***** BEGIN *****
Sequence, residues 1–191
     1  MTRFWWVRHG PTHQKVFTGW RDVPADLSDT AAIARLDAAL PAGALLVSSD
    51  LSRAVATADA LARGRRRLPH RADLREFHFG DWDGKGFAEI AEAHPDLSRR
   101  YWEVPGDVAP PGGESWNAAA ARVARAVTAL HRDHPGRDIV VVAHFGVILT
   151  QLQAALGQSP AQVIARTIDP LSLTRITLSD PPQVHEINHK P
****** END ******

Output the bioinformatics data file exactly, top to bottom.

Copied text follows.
Sequence, residues 1–191
     1  MTRFWWVRHG PTHQKVFTGW RDVPADLSDT AAIARLDAAL PAGALLVSSD
    51  LSRAVATADA LARGRRRLPH RADLREFHFG DWDGKGFAEI AEAHPDLSRR
   101  YWEVPGDVAP PGGESWNAAA ARVARAVTAL HRDHPGRDIV VVAHFGVILT
   151  QLQAALGQSP AQVIARTIDP LSLTRITLSD PPQVHEINHK P